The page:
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I knew I was missing business. My shop was really booming, the holidays were fast approaching, and my boutique was low on inventory. I always hated it when I KNEW I could sell more if I just had the right product in stock. I was feeling the pressure to get some new Jane Hamill dress styles in stock as of, like, yesterday.

So I took a new cutting ticket to my cutter’s place and begged her to put a major rush on it. I was repeating a body I had cut before – same pattern – but making some major changes with the fabric. I figured the fabric changes would not change the fit too much, and I was almost right about that.

The idea was to cut the bodice of the dress in cotton velveteen (from Wimpfheimer – gorgeous!) and the skirt in a light weight crepe. It sounds a little cheesy now, perhaps, but it was cute at the time so bear with me.

I was in a rush.

So I took the cutting ticket for 48 pieces (small run, just for my store) and explained the A fabric and the B fabric and put swatches on the page. My cutter and sewers were not in the same house but they worked well together and the cutter would deliver the cut pieces to the factory for me. There was no time for a sample in the correct fabric (it was already November 5!) and the plan was to get the finished pieces in 9 days.

Sure enough, they delivered on time. I remember it was a Friday morning, snowing lightly outside, which was putting my customers in the holiday mood. I remember that I was glad I could get the dresses out for the weekend.  I opened the bags and the fabrics were great, the color combinations were right on.

Just one little problem.

The A fabric was in the B spot on the B fabric was in the A spot. Seriously??!!!! How bad could this look?! I was SO MAD at the contractors. How could they not see that a flimsy crepe bodice would NOT hold up that velveteen skirt? I mean, the bodices looked like crap – all wrinkly and the fuse was ridiculous. I was thinking, even if it was cut wrong, why didn’t the sewers call me and tell me this looked off? Oh, the pain and suffering of 48 completely wasted pieces.

Let me tell you I ran to look at the cutting ticket and the swatches were in the right place. I really wanted to blame my cutter for the screw-up.  And in a way I did. But ultimately it was my mistake and my responsibility.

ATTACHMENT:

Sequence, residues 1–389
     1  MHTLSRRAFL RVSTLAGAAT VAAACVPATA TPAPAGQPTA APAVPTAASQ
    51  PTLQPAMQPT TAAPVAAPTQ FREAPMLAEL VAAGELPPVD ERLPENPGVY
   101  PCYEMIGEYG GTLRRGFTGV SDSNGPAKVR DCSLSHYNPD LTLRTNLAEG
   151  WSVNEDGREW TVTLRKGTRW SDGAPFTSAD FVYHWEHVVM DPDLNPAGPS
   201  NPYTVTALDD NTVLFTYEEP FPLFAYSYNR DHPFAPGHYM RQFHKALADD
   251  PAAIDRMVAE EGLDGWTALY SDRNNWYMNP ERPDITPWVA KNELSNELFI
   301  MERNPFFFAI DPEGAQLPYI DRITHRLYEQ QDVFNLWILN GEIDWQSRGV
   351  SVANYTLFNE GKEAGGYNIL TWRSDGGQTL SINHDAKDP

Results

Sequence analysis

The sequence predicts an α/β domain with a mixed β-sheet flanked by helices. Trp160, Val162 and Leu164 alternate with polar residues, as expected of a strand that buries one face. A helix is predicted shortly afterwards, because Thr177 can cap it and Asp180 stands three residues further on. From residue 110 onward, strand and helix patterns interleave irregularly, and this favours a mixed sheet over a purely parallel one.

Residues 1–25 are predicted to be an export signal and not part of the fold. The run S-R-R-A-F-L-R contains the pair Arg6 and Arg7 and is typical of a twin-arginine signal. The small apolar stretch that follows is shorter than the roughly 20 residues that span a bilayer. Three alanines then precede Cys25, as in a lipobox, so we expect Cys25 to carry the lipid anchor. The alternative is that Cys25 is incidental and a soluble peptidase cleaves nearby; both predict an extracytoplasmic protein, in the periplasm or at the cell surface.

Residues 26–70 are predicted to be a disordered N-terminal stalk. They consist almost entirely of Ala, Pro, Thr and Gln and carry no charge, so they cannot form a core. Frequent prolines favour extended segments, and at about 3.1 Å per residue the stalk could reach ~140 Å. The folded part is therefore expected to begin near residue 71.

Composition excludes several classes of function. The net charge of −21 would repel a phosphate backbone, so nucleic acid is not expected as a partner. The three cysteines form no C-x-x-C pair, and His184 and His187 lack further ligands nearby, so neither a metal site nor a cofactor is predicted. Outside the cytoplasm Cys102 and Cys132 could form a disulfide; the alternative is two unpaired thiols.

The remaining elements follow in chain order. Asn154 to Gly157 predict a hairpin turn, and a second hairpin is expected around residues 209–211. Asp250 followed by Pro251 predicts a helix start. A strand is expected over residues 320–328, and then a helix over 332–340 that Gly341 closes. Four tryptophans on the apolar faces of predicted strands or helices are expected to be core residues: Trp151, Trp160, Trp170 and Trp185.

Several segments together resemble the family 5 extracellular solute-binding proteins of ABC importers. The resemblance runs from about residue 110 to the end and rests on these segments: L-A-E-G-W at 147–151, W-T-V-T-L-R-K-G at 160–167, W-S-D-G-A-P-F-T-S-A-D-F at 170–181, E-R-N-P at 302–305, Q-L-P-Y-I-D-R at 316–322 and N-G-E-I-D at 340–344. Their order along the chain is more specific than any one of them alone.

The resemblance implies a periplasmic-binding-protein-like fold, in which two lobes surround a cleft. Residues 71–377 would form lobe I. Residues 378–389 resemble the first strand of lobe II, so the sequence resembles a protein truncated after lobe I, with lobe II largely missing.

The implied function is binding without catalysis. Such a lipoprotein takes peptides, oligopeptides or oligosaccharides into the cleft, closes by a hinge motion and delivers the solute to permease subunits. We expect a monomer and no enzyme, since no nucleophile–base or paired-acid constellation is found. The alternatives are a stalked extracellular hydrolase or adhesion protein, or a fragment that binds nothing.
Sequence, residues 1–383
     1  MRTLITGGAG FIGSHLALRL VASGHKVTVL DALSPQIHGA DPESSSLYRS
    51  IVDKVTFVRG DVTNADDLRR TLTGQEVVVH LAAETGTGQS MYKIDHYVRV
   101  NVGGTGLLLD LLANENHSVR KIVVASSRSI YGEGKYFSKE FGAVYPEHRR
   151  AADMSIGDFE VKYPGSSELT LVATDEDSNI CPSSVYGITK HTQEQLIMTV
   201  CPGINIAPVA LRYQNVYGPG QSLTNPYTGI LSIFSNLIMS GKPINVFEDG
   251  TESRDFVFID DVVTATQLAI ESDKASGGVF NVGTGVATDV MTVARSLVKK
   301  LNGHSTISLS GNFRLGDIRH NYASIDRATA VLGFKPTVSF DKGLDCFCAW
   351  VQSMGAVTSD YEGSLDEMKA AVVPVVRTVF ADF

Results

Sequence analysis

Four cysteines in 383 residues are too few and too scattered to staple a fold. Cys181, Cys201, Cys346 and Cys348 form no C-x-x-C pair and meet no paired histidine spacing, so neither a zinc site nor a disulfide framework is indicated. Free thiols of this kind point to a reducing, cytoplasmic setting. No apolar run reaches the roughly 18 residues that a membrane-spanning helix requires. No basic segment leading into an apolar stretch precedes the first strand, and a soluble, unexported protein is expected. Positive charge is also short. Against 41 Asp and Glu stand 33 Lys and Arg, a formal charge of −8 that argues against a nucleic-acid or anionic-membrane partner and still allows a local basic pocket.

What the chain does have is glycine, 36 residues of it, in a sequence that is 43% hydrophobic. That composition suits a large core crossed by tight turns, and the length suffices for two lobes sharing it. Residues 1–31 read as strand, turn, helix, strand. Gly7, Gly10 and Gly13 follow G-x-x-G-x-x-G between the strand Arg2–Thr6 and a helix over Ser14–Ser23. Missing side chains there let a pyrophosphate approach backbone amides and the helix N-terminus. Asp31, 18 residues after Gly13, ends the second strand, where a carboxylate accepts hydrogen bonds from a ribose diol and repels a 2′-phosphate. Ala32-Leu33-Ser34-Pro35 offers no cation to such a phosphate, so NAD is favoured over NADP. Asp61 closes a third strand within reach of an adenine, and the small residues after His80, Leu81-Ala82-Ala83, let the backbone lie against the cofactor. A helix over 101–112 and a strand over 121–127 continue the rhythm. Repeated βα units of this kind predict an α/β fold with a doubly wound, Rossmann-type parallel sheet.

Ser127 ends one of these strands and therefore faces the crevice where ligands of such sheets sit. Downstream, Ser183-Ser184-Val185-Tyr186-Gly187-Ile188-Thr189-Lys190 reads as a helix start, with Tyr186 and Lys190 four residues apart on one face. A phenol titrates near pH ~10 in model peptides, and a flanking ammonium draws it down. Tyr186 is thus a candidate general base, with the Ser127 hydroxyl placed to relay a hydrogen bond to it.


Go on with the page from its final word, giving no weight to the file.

I had made 3 major mistakes:

  1. I did not give them a “sew-by” sample. The sample I gave them was old and in the wrong fabric. I was in too big of a rush to do things right so when the sewers got confused they had nothing to reference and they just plowed ahead.
  2. I didn’t check a top of production sample. I didn’t visit the contractors AT ALL in the entire 9 days. Not once. Looking back at it I am surprised, ashamed even, by that.
  3. I rushed the contractors. They were trying to please me and meet my deadline. I have no doubt that if I had a production schedule that was better organized, this fiasco could have been avoided.

What is cost me.

So let’s run some numbers on this mistake.

Cost of a perfect sew-by sample: $90 and one week’s time

Cost of 48 dresses I could not sell; $4880 (not to mention the lost sales)

To be honest, I still get a pit in my stomach when I tell this story. It puts me in a bad place. I better stop typing now and do some deep breathing and I’m not really kidding.

I certainly learned a huge lesson. Don’t skimp. Have a good sample for your contractor to use. Every time. Every single time. It always pays to get back to the basics of good business.

Do you hear me? Do you agree? Do you have a story to share? I just laid it all out there so let me know what you think in the comments below, will you?

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2 Responses

  1. I am working on my line and I’m hoping to launch it at the end of the year this year. I have my designs and I’ve made samples of everything, but I’m looking for a low cost contractor in the Los Angeles area to “mass” produce my samples. Can anybody recommend anyone or place?

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